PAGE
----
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VtMike

R3 Timing Advance

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Yesterday I read a really good article on Bob Johnstone's site on R3 Avantis.  Here is the link:  http://www.studebaker-info.org/MAA/SIA1286/sia1286p30.html

The article said that R3 Avantis had only mechanical advance for timing.  Is that correct?    

Since I know nothing about this subject, I googled it and read that having mechanical advance only is OK for racing when acceleration from a standstill isn't that important, but that having vacuum advance along with mechanical would help from a standstill?

In another article (Road & Track?), I remember that the magazine guys did pretty extensive testing on an R3 Avanti -  on both 1/2 & 1/4 mile tracks.  While they were impressed with the overall performance, they couldn't get the Avanti to launch strong.  I realize that one reason an R3 wouldn't launch like a Hemi is it's smaller cubes and the fact that the supercharger didn't really kick in until about 3000 rpm, but I am wondering if the mechanical advance only may also have contributed to that problem?

My other question is:  Let's say I was building a Stude engine hoping for R3 power, and I wanted to modernize the timing, what would be the best way to go?

 

  

 

 

   

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 ( My other question is:  Let's say I was building a Stude engine hoping for R3 power, and I wanted to modernize the timing, what would be the best way to go? )

Modify an electronic distributor to fit the R3 and pair up with a Holly, FAST or other EFI system that has a higher than 1 atm MAP sensor and let the EFI learn/control it's way to maximum performance. I know you can buy an electronic unit that will fit but I'd want the one that the EFI controls.

Edited by Avanti83

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I'm doing just that. Took a Pertronix from Dave Thiebault, and eliminated ALL advance, both vacuum, and mechanical locked out. Then got a phasable rotor from MSD, and set the initial advance of the dizzy to 15deg. Then center the rotor on the #1 tower. Hooked the distributor pickup to the Holley Sniper Electronic Fuel Injection, and that triggers the MSD 6Al ignition box. Timing is completely now programable and even boost retard if desired, and also nitrous oxide if so inclined. 

efi gauge.jpg

Edited by brad

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X3 on going electronic.  Carburetors and distributors are crude mechanisms which don't have the ability to manage a supercharged engine to maximum output.  Take an R2 or R3 and run it flat out up a long mountain pass.  Guaranteed a terminal meltdown several minutes into the run.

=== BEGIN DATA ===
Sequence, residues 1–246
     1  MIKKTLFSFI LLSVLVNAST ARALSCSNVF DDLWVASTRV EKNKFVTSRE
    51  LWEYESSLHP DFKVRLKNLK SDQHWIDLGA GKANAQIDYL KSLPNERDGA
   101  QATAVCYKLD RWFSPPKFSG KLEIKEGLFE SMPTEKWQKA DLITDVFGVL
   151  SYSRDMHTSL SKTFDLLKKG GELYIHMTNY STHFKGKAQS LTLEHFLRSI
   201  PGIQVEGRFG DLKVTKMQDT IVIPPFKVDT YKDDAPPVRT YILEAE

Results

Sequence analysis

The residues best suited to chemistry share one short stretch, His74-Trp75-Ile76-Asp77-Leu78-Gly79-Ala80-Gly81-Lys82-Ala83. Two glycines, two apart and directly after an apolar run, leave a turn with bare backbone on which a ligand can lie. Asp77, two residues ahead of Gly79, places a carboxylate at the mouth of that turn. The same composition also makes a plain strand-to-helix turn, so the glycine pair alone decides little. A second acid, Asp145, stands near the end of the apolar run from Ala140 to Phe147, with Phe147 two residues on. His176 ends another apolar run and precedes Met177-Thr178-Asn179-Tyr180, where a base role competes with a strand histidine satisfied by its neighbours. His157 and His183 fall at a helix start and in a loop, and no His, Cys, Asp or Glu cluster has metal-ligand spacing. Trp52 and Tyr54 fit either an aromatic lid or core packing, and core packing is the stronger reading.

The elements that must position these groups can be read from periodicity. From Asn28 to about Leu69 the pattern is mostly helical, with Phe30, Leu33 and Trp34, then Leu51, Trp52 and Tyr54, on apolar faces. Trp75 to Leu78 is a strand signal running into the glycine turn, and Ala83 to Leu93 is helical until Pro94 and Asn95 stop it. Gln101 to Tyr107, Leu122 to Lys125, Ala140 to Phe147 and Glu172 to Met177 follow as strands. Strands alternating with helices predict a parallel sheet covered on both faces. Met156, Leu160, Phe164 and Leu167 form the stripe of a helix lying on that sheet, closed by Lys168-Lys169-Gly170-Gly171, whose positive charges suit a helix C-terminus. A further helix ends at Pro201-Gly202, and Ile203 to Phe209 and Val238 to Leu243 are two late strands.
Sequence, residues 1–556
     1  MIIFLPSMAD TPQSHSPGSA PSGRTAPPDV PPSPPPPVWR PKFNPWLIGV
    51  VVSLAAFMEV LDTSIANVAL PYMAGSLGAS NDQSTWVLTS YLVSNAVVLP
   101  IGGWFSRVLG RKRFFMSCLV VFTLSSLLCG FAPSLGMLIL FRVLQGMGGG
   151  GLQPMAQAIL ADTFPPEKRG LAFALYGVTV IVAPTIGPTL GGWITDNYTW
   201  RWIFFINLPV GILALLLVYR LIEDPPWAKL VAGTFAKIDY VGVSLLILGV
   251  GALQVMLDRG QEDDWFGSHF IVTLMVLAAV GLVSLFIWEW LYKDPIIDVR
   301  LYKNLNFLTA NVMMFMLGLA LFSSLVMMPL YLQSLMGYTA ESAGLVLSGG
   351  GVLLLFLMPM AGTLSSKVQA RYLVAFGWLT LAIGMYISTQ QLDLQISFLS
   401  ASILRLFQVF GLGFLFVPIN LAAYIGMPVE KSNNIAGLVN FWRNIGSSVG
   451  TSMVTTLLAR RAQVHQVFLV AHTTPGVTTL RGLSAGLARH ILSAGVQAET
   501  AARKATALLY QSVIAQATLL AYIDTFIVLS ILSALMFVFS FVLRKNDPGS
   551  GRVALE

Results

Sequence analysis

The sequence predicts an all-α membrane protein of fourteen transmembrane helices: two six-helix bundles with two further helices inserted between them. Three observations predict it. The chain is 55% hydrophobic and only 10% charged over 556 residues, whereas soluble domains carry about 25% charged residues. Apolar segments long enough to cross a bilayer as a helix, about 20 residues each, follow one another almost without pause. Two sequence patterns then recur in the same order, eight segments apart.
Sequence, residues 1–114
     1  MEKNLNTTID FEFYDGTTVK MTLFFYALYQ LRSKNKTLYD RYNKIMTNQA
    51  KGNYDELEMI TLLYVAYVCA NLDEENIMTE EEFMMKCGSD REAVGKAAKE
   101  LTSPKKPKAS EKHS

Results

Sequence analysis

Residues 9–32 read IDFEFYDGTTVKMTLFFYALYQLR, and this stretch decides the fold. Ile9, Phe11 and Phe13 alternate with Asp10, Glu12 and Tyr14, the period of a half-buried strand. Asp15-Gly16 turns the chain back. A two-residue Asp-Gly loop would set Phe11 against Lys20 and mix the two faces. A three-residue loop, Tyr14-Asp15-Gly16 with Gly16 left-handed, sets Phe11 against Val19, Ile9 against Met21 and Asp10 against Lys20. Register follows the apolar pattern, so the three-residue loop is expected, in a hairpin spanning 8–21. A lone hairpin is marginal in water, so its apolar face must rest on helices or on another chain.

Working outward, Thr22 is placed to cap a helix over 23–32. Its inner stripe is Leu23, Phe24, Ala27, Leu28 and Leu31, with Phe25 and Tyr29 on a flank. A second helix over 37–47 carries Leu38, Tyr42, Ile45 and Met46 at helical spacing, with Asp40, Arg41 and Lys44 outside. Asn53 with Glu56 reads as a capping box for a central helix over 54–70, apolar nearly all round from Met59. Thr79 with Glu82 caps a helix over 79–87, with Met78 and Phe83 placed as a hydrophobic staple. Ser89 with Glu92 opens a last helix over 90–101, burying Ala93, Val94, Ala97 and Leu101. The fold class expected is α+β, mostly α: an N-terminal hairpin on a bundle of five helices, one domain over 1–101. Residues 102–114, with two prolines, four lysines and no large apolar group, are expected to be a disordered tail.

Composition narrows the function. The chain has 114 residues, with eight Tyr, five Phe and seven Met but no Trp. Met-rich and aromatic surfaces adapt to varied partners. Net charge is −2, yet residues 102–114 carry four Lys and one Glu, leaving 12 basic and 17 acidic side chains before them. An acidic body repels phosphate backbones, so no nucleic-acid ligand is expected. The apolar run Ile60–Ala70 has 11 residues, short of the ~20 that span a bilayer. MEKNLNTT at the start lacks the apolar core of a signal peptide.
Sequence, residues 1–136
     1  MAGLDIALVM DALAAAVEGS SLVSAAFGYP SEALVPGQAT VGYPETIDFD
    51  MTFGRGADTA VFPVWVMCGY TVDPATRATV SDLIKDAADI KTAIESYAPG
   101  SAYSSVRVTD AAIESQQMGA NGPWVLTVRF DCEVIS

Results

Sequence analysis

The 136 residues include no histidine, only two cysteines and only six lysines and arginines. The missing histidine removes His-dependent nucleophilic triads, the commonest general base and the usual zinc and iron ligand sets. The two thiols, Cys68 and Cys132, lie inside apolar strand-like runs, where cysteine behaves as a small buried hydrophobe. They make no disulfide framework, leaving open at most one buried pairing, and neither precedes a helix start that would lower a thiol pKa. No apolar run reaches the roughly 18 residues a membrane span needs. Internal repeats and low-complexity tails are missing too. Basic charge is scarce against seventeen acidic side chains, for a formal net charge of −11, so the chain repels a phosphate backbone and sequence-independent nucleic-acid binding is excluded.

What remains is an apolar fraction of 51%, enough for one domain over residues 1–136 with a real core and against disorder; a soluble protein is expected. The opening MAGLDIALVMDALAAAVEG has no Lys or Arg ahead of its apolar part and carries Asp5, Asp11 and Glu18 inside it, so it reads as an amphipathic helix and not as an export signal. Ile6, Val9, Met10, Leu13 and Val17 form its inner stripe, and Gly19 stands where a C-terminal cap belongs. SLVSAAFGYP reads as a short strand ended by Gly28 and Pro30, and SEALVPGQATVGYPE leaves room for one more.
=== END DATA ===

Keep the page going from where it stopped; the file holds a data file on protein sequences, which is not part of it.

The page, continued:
Today, there are 2-liter turbo engines making 335 horsepower with a warranty.  With a computer to control ignition and injection, adding an intercooler, a good R3 might make 500 horsepower and live.

jack vines

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On 10/16/2019 at 12:38 PM, VtMike said:

Yesterday I read a really good article on Bob Johnstone's site on R3 Avantis.  Here is the link:  http://www.studebaker-info.org/MAA/SIA1286/sia1286p30.html

The article said that R3 Avantis had only mechanical advance for timing.  Is that correct?    

Since I know nothing about this subject, I googled it and read that having mechanical advance only is OK for racing when acceleration from a standstill isn't that important, but that having vacuum advance along with mechanical would help from a standstill?

In another article (Road & Track?), I remember that the magazine guys did pretty extensive testing on an R3 Avanti -  on both 1/2 & 1/4 mile tracks.  While they were impressed with the overall performance, they couldn't get the Avanti to launch strong.  I realize that one reason an R3 wouldn't launch like a Hemi is it's smaller cubes and the fact that the supercharger didn't really kick in until about 3000 rpm, but I am wondering if the mechanical advance only may also have contributed to that problem?

 

  

 

 

   

To try and answer the first part of your question, R3 and R4 engines had 'bigger' (longer duration ) camshafts than the ones used in R1's and 2's....These bigger cams do not really let the engine develop enough vacuum at cruise for a vacuum advance system to work properly.....The timing could possibly bounce around all over, so it's better to rely on mechanical only advance in engines with "hot' cams. (Mechanical advance comes into play when you have your 'foot in it'!!:o:D)

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